Roger Stone is barred from making public statements about his case after Instagram post

Stone posted was a picture of Judge Amy Berman Jackson caught in what appeared to be the crosshairs of a gun

By Shira Tarlo

Published February 21, 2019 4:21PM (EST)

Former campaign advisor to President Donald Trump, Roger Stone, arrives at US District Court in Washington, DC on February 21, 2019.  (Getty/Brendan Smialowski)
Former campaign advisor to President Donald Trump, Roger Stone, arrives at US District Court in Washington, DC on February 21, 2019. (Getty/Brendan Smialowski)

Roger Stone was barred from making public statements about his case after the longtime associate and informal adviser to President Donald Trump stirred controversy by sharing a photo on his Instagram account that appeared to show a judge near the crosshairs of a gun.

"Today I gave you a second chance," Judge Amy Berman Jackson said. "You don't get a third chance."

Stone, who is currently awaiting trial after being arrested on charges that including allegedly tampering with a witness to hide the details of his attempts to learn about releases of a trove of damaging emails stolen from Democrats during the 2016 presidential campaign, was ordered to appear in federal court Thursday to explain his social media post.

"I don't offer any rationalization or excuse or justification. This is just a stupid lack of judgment," Stone told Judge Amy Berman Jackson on Thursday, according to CNN.  "I regret it."

The GOP political operative alleged that a volunteer working for him had downloaded the picture, but he himself wrote the post and published it, according to the news network.

The first post Stone posted was a picture of Jackson with what appeared to be the crosshairs of a gun drawn behind her head. The caption that accompanied the photo of Jackson described special counsel Robert Mueller, who is investigating allegations of collusion between the commander-in-chief's 2016 presidential campaign and the Russian government, as a "Deep State hitman" that had allegedly set Stone up for a "show trial" in Jackson's court.

The defendant later replaced the post with a cropped image of Jackson that did not include the crosshairs. He also slightly changed the text about Mueller and added a few more hashtags. That post was also removed.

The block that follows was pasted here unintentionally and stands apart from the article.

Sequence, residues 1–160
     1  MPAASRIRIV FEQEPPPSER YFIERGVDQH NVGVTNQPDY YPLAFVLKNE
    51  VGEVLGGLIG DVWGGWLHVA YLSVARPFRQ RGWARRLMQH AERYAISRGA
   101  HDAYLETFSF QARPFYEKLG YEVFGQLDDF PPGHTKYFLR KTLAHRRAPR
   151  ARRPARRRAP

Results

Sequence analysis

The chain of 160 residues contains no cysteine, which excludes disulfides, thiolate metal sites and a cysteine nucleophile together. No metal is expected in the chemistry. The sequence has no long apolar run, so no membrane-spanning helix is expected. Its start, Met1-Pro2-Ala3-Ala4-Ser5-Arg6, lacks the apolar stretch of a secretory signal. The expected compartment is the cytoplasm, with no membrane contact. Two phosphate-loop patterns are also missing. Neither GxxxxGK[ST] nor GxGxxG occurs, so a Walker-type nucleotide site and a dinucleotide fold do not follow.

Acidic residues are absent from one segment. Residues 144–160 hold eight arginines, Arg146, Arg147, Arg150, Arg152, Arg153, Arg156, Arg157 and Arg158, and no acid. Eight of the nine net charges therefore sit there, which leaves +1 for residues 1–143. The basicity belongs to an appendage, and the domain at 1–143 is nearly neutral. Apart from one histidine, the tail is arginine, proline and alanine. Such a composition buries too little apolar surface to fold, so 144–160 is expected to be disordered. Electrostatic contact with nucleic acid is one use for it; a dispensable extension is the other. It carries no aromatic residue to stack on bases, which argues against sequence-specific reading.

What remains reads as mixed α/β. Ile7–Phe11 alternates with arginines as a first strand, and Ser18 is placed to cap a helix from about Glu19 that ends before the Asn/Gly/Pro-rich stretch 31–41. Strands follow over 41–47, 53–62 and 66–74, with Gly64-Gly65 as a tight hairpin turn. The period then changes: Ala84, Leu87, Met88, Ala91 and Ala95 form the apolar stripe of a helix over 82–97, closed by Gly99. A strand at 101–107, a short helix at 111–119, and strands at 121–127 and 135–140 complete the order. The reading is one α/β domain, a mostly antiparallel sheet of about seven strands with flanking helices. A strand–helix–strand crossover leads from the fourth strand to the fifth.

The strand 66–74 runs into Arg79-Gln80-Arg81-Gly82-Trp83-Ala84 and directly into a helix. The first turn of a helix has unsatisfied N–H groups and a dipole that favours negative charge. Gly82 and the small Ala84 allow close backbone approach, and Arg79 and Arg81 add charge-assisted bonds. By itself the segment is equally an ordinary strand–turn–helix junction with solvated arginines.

Stone was charged by the Justice Department in late January for lying to congressional investigators about his alleged attempts to find out when potentially damaging emails stolen from Hillary Clinton's presidential campaign would be published by Julian Assange, the publisher of the whistleblower website WikiLeaks whom Stone previously called "my hero." Prosecutors have said Russian intelligence agents hacked Democrats and their email accounts and then shared them with WikiLeaks, which published them during the final months of the 2016 election. He also faces charges of obstruction of an official proceeding and witness tampering. Stone has pleaded not guilty to the charges.

If Jackson decides that Stone violated the conditions of his release,he could be charged for additional crimes like obstruction of justice and sent to jail or fined.

Stone has repeatedly denied any contact with Russia or WikiLeaks. He has claimed that he had no prior knowledge that WikiLeaks had hacked Democrats' emails and would release them ahead of the election, saying the predictions he made about the group's plans were based on Assange's public remarks and tips from associates with inside knowledge. In sworn testimony to the House Intelligence Committee last year, Stone said he did not intend to suggest that he had communicated with Assange directly. WikiLeaks and Assange have also said they never communicated with Stone.

WikiLeaks made two separate email dumps during the heated 2016 race that altered the trajectory of the presidential election. In July, Mueller indicted 12 Russian intelligence officers in a sustained effort to hack the computer networks of the Democratic National Committee, Hillary Clinton's presidential campaign and the Democratic Congressional Campaign Committee in the weeks ahead of the 2016 election. The damaging emails were released by WikiLeaks. At the time, Deputy Attorney General Rod Rosenstein claimed the hackers created false online personas, DC Leaks and Guccifer 2.0, in an attempt to disguise the Russian origins of their work. After the election, Stone admitted exchanging direct but benign messages with Guccifer 2.0 over Twitter.

Stone became the 34th person charged by Mueller. Of those people, Mueller had secured guilty pleas from six Trump associates or advisers, including former campaign chairman Paul Manafortformer deputy campaign manager Rick Gatesformer national security adviser Michael Flynnformer Trump attorney Michael Cohen and former campaign aide George Papadopoulos.

Trump has vehemently denied all allegations of collusion with Russia during his 2016 presidential campaign and has repeatedly railed against Mueller's investigation into the matter as a politically-motivated "witch hunt" and a "hoax."

Shira Tarlo

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